02/18/2022 Siying Liu

Good news, bad news

In a recent piece, we discussed how the job market in the United States is tight, and people are leaving their current jobs for more favorable ones, also known as the ‘Great Resignation.’ From the most recent LinkUp job market statistics, we can see the U.S. employment market remained robust at the start of February, with high demand from the Health Care, Retail Trade, and Accommodation and Food Service sector.

The number of active job listings in the first week of February climbed by 8% over the previous month, reaching 4.7 million–the greatest level since the onset of Covid.The Retail sector has seen the most job growth, followed by the Professional, Scientific, and Technical Services and Health Care sectors.

There’s good news and bad news when it comes to a strong job market. On the plus side, the hiring boom shows no signs of slowing down, with businesses having to work harder than ever to attract top talent. Companies are increasing wages to compete for workers in a labor market where there are more available opportunities than job seekers.

However, on an overall basis, real wages are declining due to rapidly increasing inflation. The Bureau of Labor Statistics reported on February 10 that inflation in January increased by 7.5 percent over the previous year and reached its highest level since February 1982. As the cost of living crisis begins to really bite, many people are finding themselves with less money than they expected. According to the Labor Department, real average hourly wages for all employees grew by only 0.1 percent from December to January after adjusting for inflation.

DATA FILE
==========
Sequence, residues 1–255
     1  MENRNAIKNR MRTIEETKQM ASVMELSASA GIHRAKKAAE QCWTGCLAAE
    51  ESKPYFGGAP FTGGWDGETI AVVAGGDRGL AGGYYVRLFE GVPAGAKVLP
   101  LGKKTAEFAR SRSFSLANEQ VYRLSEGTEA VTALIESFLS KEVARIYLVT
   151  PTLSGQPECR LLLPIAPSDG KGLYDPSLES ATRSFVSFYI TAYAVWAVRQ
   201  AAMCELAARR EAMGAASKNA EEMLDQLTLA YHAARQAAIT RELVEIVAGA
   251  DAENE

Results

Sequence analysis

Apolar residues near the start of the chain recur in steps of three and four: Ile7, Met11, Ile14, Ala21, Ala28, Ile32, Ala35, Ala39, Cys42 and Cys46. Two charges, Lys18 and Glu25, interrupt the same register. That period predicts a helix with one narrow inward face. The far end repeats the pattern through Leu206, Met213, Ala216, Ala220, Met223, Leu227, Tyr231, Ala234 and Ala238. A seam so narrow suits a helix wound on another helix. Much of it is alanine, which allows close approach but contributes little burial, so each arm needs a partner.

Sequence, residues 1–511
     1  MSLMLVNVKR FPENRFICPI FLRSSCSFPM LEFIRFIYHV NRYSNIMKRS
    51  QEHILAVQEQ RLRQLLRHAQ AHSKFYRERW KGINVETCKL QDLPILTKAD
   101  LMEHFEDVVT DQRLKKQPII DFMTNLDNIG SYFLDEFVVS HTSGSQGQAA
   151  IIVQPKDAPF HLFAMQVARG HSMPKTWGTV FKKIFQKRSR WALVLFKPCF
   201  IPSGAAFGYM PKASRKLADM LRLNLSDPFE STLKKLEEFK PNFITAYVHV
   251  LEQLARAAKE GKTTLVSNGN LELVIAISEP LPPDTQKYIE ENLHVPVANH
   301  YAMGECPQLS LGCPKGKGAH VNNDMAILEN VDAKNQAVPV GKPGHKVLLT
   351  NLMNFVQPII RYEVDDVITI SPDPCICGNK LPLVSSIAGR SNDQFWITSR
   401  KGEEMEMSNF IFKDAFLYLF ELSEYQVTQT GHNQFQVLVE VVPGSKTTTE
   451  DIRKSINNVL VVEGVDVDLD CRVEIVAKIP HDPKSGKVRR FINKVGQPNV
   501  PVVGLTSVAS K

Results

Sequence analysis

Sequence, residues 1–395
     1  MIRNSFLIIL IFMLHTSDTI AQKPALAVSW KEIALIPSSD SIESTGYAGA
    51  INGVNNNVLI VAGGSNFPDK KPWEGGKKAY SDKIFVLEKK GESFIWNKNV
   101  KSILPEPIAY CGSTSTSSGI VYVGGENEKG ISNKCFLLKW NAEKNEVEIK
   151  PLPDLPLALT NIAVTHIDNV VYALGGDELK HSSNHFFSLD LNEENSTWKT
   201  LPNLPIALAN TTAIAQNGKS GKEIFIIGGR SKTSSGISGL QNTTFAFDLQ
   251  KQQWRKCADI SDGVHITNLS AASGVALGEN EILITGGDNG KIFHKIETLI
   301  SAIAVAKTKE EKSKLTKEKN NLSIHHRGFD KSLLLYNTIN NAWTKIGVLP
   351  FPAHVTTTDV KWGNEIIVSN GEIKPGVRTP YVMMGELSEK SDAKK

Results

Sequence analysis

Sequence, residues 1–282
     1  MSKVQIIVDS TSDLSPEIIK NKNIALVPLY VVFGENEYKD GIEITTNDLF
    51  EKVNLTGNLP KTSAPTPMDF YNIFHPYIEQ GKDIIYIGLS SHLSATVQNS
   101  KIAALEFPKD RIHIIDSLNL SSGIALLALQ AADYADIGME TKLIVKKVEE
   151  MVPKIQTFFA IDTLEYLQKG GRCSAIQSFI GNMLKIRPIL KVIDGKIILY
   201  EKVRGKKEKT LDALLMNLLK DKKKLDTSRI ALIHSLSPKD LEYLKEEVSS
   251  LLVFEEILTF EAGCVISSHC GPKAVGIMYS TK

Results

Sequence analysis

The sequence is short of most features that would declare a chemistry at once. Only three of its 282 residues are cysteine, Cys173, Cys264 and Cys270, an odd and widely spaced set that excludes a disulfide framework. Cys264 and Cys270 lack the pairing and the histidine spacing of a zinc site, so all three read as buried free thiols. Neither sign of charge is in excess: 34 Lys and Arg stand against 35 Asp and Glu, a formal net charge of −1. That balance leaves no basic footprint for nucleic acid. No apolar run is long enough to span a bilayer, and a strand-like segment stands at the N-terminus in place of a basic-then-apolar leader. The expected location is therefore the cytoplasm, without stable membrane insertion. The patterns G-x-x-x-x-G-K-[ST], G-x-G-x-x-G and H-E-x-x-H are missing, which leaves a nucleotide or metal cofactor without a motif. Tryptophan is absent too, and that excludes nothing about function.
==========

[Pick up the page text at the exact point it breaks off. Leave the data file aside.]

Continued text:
This begs the question: will the current situation deteriorate into a wage-price spiral? A wage-price spiral is an upward cycle in which greater wages cause prices to rise, promoting employees to demand even higher pay, and so on. When workers earn a raise in pay, they want more goods and services, and this, in turn, causes prices to rise. The salary rise raises general business expenses, which are then passed on to consumers in the form of increased pricing and result in an upward loop.

So far, many economists think such a situation can be kept at bay.  As supply chain bottlenecks ease and congressional expenditure declines, we still see the likelihood of inflation starting to decrease on its own. If that’s the case, the Fed may raise rates from their current ultra-low levels without having to constrain the economy too much. However, if the central bank needs to intervene more directly in inflation, the labor market would most certainly suffer, perhaps resulting in layoffs and wage cutbacks. The Fed, in a more pessimistic scenario, may trigger a recession.

Let’s see what will happen…